November 27, 2005
Readers on Iraq: What a quagmire
Many readers responded to my Security Mom column.
Mark Holmberg wrote:
“You are right, “we deserve information that can help us make informed decisions and be
more prepared to respond if something bad happens.” However, you missed the point when
you talked of fostering democracy in Iraq. Iraq was not the threat it is today before we
blundered in there based on bad information. Our leaders “should open up on” this subject
and they “should open up on” how we are going to get out of Iraq. I applaud members of
Congress who voted for war based on misinformation and now admit they were wrong. Our
leaders are human and make mistakes, whether they admit them or not. When mistakes are
discovered, real leaders acknowledge them and attempt to set them straight.
Because our leaders made grave errors about the existence of weapons of mass destruction
and Saddam Hussein's alleged ties to al-Qaida, Iraq is now absolutely a threat. Our presence
has drawn those who hate America to Iraq, radicals from outside who weren't there when we
arrived. Our mistaken actions have given them ample ammunition to persuade others to join
them in killing our soldiers. And they're not about to leave Iraq just because a democracy has
been established by an occupying force. What a mess! What a quagmire!
So, what shall we do? This is a great question with no easy answer, until you think of
American and coalition soldiers dying. It's time to acknowledge our mistake, develop an exit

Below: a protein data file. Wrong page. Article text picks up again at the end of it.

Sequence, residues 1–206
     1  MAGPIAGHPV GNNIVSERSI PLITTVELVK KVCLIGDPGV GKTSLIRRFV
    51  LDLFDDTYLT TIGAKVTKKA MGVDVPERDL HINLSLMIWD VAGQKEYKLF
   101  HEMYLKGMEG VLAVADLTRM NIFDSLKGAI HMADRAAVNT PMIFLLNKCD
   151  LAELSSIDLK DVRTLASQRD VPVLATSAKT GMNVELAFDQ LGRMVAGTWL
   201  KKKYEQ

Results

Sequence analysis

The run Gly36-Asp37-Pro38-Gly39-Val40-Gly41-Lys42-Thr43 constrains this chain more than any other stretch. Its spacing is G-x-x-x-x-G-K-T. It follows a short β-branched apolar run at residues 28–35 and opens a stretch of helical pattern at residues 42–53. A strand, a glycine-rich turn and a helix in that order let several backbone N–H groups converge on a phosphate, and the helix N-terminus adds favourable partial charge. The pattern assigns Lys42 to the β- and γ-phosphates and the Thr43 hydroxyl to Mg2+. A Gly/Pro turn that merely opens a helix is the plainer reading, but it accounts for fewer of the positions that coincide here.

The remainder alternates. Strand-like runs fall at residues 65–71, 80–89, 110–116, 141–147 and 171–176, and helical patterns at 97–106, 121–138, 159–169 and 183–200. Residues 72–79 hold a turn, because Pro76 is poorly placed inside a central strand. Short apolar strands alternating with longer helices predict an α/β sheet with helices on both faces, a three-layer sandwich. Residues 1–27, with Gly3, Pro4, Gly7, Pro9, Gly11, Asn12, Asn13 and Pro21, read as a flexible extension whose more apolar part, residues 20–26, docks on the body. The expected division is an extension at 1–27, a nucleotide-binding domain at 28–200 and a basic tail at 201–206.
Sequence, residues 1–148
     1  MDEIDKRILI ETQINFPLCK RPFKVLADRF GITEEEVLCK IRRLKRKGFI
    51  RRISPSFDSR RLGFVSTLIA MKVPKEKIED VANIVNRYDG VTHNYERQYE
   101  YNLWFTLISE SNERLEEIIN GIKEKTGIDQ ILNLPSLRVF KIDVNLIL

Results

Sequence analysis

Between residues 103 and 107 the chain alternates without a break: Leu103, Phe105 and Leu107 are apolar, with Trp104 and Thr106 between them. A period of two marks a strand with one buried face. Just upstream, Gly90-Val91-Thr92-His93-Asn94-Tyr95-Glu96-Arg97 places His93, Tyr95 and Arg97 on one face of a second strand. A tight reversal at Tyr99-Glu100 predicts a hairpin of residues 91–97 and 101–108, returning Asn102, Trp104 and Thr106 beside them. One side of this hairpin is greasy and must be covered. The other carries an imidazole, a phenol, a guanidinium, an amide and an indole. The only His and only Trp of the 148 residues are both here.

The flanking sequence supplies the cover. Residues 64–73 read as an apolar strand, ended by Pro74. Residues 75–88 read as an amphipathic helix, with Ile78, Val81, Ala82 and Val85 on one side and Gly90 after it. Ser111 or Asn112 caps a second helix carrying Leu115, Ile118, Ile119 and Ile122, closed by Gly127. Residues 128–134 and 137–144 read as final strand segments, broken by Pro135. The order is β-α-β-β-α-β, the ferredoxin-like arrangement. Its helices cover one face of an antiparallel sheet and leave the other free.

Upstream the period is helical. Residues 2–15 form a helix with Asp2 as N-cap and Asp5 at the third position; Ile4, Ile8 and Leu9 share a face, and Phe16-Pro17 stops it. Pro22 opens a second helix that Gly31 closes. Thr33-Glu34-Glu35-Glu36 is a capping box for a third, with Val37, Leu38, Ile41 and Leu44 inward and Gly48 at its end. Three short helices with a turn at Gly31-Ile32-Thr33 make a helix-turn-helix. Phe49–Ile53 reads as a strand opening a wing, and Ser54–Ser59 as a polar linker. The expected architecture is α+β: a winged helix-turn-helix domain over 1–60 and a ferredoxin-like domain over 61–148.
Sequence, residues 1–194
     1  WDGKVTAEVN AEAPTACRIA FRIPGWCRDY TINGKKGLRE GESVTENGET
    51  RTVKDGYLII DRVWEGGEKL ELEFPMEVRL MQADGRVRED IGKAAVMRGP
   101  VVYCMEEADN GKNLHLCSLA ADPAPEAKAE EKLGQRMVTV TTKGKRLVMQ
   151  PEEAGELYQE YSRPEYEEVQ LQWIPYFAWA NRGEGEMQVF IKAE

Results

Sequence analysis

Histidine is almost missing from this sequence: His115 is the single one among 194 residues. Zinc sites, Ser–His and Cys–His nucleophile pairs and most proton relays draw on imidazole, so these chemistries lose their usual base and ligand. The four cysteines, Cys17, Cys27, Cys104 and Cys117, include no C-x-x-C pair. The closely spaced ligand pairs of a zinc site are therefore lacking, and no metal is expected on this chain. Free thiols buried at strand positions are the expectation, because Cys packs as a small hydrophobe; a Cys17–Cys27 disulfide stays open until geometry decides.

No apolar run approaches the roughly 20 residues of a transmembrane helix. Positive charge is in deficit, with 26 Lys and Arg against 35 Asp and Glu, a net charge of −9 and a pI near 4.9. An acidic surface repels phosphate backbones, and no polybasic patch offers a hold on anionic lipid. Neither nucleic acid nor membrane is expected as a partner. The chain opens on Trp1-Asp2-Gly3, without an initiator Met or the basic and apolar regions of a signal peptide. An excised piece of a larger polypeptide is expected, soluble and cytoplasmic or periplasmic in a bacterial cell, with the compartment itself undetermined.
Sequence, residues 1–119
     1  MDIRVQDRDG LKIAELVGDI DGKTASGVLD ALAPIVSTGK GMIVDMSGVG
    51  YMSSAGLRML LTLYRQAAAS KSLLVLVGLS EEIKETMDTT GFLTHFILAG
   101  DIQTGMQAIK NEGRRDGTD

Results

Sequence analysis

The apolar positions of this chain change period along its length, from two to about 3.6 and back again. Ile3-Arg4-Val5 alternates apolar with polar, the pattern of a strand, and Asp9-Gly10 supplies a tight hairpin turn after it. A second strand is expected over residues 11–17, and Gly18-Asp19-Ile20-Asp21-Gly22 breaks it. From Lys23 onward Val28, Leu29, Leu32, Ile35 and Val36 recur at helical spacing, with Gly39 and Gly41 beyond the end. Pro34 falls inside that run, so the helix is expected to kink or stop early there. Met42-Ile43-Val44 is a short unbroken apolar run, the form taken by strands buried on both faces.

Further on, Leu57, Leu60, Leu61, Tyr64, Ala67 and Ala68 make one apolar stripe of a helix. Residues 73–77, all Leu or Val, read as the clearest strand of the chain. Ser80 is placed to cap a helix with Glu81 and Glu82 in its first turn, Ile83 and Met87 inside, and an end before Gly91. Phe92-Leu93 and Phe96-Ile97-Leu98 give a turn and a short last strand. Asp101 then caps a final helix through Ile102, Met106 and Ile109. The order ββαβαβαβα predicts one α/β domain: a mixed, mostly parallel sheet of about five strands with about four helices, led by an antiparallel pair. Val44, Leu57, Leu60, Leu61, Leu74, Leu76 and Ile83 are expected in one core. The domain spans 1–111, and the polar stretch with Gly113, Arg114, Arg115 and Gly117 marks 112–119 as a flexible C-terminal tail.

strategy, and stop making these soldiers targets. There are plenty of real threats, a few of
which you point out in your article. How are we, as a country, going to respond to them if
large parts of our resources-military and monitory-are going to Afghanistan and Iraq?
Yes, the Unites States has limited resources and we must use them efficiently to provide the
best level of security possible. Our response to hurricane Katrina makes me and many
Americans think we are more vulnerable than we should be. We all should -moms, dads, and
children-be concerned with security. Can our government be trusted to “help us make
informed decisions and be more prepared to respond if something bad happens”? This is an
essential function of government and the answer had better be yes.
Thank you for your article on November 20. Our opinions differ. However, we share similar
concerns regarding security and we ask similar questions, such as, “why aren't we being
given information that puts a face on so-called weapons of mass destruction?” Lets all keep
asking these questions and demanding answers.”
Mark, Great points, but I still believe in the nobility of the Iraq mission, the number one
priority of which was regime change. In the bigger picture, the years-long projected fight
against world-wide terrorism, we've taken out a major threat and liberated many. Don't
forget Saddam paid terrorist families a bounty for murder perpetrated on innocents.
Isn't it great though, we can find some common ground in the midst of all the rancor?
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